Let's Pay For Open Source With A Closed-Source Software Levy

Glyn Moody | ComputerWorld UK | October 22, 2014

Applying the open source dividend to software

This column has often explored ways in which some of the key ideas underlying free software and open source are being applied in other fields. But that equivalence can flow in both directions: developments in fields outside the digital world may well have useful lessons for computing. A case in point is a fascinating post by James Love, Director of Knowledge Ecology International (KEI), a non-governmental organisation concerned with public health and other important issues.

It is called "The value of an open source dividend", and is a discussion of the problems the world of pharma faces because of the distorting effect of patents - problems it shares with the world of computing:

the proliferation of patents, trade secrets and the restrictive licensing of patents, materials, data, know-how and knowledge in general also has negative effects. For example, [the drug company] Gilead recently told KEI that its development efforts for new treatments for hepatitis C were delayed for years by the patent thickets on the hepatitis C virus, a concern predicted by Baruch Blumberg in 1996 in litigation over the overly broad scope of patents on the virus.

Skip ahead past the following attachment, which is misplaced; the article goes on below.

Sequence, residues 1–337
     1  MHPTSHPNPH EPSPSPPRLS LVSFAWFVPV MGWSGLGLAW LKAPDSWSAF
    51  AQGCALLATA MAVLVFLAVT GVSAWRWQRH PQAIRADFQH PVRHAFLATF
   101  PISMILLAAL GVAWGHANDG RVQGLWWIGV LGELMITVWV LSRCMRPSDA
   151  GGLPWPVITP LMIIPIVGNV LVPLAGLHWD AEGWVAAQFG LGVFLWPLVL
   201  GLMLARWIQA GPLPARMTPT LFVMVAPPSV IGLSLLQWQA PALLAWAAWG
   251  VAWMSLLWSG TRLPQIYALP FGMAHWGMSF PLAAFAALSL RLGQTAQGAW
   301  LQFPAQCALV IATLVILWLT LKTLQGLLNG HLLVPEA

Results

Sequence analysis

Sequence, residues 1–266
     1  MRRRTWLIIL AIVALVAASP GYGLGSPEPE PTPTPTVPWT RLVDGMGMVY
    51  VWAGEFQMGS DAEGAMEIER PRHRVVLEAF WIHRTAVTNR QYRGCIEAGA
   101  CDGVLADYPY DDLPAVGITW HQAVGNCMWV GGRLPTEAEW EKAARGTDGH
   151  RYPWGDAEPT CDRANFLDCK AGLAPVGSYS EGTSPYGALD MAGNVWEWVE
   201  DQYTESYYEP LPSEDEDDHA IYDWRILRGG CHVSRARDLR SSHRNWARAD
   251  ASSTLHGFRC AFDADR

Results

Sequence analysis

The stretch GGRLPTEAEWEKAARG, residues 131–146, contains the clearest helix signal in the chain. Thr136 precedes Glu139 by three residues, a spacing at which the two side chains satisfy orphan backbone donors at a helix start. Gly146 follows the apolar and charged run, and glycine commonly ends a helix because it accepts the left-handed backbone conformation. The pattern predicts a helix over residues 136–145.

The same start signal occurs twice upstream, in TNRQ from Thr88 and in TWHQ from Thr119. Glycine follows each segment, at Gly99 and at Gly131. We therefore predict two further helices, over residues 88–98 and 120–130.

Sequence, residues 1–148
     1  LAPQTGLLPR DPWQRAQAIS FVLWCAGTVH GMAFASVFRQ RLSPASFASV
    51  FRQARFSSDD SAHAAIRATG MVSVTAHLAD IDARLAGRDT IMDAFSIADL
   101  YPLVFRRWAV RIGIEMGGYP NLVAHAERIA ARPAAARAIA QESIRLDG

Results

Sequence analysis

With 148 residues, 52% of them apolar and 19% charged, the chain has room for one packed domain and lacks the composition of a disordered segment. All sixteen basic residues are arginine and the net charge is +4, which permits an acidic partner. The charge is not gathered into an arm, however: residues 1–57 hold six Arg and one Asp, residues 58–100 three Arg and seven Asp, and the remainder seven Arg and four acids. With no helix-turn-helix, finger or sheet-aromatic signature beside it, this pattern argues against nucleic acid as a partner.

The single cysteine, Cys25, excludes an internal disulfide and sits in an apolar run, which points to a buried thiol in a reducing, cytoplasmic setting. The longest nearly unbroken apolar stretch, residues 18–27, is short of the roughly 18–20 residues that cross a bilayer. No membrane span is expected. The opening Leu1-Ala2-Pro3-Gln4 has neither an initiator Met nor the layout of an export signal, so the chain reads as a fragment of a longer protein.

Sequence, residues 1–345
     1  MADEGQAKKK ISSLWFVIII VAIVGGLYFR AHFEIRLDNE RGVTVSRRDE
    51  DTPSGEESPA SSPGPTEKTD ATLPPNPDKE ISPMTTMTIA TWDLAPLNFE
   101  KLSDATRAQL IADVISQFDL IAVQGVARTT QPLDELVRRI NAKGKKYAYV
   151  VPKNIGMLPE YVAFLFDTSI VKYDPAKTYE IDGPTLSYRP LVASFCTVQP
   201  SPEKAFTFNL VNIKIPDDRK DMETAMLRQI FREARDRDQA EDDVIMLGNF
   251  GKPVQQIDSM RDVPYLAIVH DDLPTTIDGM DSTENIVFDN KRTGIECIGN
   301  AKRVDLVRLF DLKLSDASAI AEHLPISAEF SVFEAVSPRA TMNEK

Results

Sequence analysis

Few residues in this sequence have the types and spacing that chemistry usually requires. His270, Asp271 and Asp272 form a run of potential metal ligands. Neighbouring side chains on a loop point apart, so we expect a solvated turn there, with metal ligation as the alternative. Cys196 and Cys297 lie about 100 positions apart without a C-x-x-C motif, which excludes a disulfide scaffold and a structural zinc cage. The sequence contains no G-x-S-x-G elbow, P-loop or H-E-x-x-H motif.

In many ways, the drug world provides us with a warning of what could happen in the world of computing if software patents are allowed to become as big a brake on innovation there as they are in the field of medicine. Love goes on:

Sir John Sulston, a joint winner of the 2002 Nobel Prize in Physiology or Medicine, once told KEI that research that is open to everyone is at least nine times more valuable to society than research that is closed...